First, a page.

Talking in Spanish is fun with these two rhymes about walking.

These two Spanish poems are by Douglas Wright, a well-known poet, illustrator, and humorist from Argentina. They are a fun way to get kids talking in Spanish.

Our poetry resource page Spanish Poems for Kids has more poems for children and information about sharing them with language learners.

Douglas Wright recently published a book of Spanish poems for children called Rimando Ando. Some of the poems are available online and are excellent material for activities to encourage reading and talking in Spanish.  As always, my thanks to Douglas for letting me share his poems with you on this site.

On his website, El Jardín de Douglas, Douglas Wright offers a series of short poems based on popular rhythms.  He calls these little rhymes bocaditos and they lend themselves exceptionally well to activities for Spanish language learners. The poems are short, and the rhythm and rhyme make them easy to memorize. Talking in Spanish is fun with memorized poetry!  The topics are the stuff of a child’s daily life – home, nature, friends, and feelings.

The author illustrates his poetry with bright, appealing art. The drawings are depict the content of the rhymes, so they are a useful tool in teaching the poems. Describing the illustrations is a fun way for kids to start talking in Spanish about the poems.

I particularly like these two short rhymes about walking. Movement is an important part of language learning, and children can act out these poems as they recite them. Teachers and parents can structure the action to reinforce the meaning of the language, and they can use them with one child, a small group or a class.

Following the poems below, there are questions for talking in Spanish about the illustration. The titles are links to El Jardín de Douglas where you will again find the poems and the illustrations.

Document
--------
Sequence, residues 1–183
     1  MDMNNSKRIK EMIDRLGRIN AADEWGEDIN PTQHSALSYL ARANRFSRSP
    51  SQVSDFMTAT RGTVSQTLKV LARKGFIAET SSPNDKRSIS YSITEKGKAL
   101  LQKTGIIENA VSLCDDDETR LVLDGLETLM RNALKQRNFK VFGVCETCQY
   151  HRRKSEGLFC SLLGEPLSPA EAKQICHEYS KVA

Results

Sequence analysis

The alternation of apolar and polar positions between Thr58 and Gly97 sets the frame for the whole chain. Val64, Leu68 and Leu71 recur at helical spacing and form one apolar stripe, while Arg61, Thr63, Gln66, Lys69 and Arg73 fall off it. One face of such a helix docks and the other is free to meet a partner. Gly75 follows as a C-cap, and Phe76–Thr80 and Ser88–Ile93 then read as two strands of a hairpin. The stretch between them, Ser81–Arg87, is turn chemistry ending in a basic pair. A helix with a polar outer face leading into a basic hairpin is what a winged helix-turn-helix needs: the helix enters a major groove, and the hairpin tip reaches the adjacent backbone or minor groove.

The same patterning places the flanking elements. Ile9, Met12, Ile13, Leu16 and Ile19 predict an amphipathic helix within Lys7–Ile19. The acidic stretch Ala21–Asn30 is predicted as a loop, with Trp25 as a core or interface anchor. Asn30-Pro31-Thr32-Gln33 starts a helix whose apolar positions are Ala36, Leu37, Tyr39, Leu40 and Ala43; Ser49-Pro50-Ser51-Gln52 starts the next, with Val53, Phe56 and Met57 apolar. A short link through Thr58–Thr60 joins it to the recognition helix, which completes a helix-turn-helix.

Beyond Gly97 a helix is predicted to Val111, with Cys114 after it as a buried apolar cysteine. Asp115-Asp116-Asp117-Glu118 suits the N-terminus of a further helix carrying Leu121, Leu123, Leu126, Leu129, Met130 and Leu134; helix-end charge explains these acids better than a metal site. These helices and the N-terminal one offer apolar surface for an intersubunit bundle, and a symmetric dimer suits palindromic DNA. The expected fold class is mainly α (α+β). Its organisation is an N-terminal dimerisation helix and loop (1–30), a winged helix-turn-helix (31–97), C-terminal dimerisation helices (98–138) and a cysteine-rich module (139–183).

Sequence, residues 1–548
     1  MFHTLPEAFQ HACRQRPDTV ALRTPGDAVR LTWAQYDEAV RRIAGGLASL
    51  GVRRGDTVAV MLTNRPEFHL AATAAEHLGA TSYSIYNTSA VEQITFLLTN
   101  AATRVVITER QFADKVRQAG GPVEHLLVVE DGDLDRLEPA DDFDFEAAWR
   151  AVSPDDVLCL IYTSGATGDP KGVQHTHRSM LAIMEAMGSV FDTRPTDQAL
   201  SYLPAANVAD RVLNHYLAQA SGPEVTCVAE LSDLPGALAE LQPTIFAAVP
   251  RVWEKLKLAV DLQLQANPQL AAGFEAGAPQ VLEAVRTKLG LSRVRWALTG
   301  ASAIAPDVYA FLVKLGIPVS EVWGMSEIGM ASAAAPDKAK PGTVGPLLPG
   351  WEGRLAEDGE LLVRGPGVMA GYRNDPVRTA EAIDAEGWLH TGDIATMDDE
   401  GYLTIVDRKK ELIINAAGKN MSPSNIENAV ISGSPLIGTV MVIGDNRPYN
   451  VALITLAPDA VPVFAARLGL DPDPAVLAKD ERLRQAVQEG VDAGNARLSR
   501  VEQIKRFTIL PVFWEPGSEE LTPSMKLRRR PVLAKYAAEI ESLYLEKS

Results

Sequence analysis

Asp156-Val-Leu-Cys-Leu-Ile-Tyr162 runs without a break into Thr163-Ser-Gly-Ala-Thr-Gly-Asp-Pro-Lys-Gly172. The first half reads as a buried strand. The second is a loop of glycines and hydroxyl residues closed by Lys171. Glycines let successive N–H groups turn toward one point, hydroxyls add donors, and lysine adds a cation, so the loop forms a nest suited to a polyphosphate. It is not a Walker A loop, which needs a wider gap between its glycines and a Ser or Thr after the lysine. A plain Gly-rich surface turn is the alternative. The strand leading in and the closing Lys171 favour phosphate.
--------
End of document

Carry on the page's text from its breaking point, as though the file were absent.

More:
Children can act out this first poem by reciting it as they wind their way toward each other. They can also practice greeting each other when they meet.

Yo camino hacia tu lado

Yo camino hacia tu lado,
y tú vienes hacia acá;
a lo largo del camino
ya nos vamos a encontrar..

Pre-reading questions on the illustration:

¿Cuántas personas hay en el dibujo?
¿Adónde va la niña?  ¿Adónde va el niño?  ¿Dónde se van a encontrar?
¿Cómo se sienten? ¿Están contentos o tristes?  ¿Por qué?
¿A veces caminas a ver a un amigo?  ¿Cómo te sientes cuando lo haces?

This second rhyme is perfect for reciting with your child as you walk together or with a group of children as they move from one place to another during the school day.

Las piernas me llevan solas

Las piernas me llevan solas
de un lugar a otro lugar,
y yo paseo contento:
¡qué lindo que es caminar!

Pre-reading questions on the illustration:

¿Qué hace el muchacho en el dibujo?
¿Dónde está? ¿Qué ve a su alrededor?
¿Está contento? ¿Cómo sabes?
¿Por qué se siente así?
¿Cómo te sientes cuando sales a caminar?

Photo Credit: woodleywonderworks via Compfight cc

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